Mayors Mark Kleinschmidt of Chapel Hill and Lydia Lavelle of Carrboro joined forces this week to ask local landlords to do the right thing, and accept Housing Choice Vouchers from low-income residents.
The mayors held a news conference at Carrboro Town Commons on Tuesday to address the issue of landlords refusing the vouchers, as rents continue to rise in both communities.
Kleinschmidt spoke to WCHL’s Aaron Keck on Thursday about the growing problem.
“Complexes are now saying that they aren’t going to take them anymore,” said Kleinschmidt. “Now that they’re renovating and they can charge higher rents, they’re saying, ‘You’ve got to find someplace else to live.’ And this is causing a housing crisis for dozens of families and individuals in both our communities, and throughout Orange County.”
Kleinschmidt said that more then 600 families in Orange County rely on the vouchers, which come from the federal HUD program and are administered by the county government.
In Chapel Hill and Carrboro, about 60 tenants have lost their apartments since last summer because of new rental policies.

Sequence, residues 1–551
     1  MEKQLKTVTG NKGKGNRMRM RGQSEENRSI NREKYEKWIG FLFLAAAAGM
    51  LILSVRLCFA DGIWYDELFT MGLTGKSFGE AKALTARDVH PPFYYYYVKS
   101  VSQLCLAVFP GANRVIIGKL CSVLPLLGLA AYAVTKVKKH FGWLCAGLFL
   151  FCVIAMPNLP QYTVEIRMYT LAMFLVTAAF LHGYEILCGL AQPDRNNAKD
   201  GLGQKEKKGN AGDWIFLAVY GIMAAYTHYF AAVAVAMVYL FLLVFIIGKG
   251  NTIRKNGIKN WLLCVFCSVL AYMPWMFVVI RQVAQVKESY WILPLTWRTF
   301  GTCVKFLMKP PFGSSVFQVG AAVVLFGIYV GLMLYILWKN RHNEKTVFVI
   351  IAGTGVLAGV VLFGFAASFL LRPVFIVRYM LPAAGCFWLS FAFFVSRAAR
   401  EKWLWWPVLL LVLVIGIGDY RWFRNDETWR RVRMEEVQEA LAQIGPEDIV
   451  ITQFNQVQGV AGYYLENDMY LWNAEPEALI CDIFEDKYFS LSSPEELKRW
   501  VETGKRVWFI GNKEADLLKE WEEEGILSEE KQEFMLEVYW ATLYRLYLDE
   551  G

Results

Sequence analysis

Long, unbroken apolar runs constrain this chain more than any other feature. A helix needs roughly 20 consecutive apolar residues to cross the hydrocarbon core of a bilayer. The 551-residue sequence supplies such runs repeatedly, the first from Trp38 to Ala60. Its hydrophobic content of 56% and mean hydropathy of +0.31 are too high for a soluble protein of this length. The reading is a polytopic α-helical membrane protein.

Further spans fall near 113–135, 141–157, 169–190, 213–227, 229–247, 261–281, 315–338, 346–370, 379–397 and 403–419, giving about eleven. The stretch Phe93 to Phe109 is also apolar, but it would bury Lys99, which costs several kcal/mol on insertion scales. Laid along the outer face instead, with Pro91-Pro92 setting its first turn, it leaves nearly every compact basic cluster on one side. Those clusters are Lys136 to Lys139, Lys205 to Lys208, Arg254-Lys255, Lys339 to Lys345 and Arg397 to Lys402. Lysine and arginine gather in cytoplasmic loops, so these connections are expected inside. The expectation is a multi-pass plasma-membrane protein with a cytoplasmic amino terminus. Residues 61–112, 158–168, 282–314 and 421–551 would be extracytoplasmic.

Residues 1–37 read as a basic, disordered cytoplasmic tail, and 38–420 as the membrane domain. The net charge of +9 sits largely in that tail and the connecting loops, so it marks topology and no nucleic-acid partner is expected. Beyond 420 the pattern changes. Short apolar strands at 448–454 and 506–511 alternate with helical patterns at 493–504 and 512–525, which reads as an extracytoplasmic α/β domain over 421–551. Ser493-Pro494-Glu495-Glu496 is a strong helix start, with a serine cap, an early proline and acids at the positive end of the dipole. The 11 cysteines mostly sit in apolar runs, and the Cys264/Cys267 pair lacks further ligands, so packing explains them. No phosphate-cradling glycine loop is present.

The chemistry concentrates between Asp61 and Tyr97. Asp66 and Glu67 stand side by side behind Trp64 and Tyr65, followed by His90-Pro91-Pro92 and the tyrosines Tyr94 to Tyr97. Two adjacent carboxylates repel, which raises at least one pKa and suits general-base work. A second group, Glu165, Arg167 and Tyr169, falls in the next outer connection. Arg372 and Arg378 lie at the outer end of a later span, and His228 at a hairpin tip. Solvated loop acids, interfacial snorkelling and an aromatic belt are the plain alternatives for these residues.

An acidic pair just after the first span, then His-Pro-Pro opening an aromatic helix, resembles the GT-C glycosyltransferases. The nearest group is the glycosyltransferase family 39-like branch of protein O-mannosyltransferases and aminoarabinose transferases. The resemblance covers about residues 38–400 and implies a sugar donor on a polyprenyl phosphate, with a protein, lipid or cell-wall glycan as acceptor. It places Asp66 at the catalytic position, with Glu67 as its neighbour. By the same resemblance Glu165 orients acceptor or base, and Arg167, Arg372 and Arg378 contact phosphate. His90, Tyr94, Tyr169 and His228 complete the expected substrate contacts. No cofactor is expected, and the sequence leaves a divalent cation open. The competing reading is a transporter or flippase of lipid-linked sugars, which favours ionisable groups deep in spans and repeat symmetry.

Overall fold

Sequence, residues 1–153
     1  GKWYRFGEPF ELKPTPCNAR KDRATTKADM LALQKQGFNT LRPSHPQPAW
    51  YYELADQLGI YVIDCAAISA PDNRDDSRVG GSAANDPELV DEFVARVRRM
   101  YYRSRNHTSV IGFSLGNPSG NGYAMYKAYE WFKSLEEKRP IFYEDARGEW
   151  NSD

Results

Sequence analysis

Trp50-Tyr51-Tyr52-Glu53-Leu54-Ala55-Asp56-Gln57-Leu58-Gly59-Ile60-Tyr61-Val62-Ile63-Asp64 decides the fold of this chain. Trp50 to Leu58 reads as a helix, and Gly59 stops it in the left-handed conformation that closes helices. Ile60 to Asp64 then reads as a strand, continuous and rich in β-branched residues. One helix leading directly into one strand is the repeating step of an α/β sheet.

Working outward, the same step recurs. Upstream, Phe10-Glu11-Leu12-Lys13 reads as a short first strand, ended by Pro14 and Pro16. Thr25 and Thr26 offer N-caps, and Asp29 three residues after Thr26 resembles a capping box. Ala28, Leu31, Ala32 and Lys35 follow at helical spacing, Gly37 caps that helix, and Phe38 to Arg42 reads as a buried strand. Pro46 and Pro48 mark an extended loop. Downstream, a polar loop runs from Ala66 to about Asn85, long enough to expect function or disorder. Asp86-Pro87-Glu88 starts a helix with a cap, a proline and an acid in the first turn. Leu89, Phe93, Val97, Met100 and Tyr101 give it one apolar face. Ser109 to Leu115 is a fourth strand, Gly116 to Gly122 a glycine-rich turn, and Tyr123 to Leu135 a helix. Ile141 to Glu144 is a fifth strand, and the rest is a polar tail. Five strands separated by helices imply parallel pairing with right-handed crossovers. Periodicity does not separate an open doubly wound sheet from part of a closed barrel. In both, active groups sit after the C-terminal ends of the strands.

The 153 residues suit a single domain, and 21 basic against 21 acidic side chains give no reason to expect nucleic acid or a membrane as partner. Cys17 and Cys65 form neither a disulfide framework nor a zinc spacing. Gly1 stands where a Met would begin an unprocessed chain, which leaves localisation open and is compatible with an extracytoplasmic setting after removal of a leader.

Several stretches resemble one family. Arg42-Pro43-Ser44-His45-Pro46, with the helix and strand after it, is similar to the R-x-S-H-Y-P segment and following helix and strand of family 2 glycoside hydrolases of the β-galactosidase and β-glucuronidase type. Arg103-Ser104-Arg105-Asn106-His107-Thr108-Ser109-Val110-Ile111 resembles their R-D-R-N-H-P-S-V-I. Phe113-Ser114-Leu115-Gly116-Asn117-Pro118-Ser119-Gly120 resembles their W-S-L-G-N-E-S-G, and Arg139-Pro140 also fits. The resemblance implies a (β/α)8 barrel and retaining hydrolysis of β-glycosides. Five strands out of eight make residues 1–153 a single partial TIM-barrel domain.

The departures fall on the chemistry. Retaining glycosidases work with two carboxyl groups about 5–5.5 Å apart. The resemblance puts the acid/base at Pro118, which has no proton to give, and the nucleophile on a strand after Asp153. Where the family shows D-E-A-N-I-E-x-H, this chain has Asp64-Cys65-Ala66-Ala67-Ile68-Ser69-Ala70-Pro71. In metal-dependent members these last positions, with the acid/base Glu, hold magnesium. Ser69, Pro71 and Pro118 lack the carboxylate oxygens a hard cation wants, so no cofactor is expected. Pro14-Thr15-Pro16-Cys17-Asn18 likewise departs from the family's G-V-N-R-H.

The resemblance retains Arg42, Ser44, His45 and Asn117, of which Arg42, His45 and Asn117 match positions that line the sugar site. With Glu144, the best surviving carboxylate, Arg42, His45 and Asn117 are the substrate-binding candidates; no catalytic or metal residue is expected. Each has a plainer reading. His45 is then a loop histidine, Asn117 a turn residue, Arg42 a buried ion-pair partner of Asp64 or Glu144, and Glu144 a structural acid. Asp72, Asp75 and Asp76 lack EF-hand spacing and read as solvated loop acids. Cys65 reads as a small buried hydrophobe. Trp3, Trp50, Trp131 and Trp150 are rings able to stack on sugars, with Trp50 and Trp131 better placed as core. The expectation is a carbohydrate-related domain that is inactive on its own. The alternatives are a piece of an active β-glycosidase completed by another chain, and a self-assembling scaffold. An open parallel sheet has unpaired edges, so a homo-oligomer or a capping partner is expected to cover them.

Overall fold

”We need landlords –and not just owners of apartment complexes – to step up and learn about the Housing Choice Vouchers and understand that they can take them in lieu of cash payments,” said Kleinschmidt. “In fact, being a landlord who gets a Hosing Choice Voucher as part of a rent payment is actually more reliable than any other way of getting payment.”
That’s because the payment is deposited, like clockwork, directly into the landlord’s account every month, he added.
Kleinschmidt told WCHL that he and Lavelle will keep up their efforts to promote affordable housing, by having private meetings with local landlords and apartment building managers.
Chapel Hill’s mayor also pointed out that police officers and teachers are among the types of citizens that often qualify for the vouchers.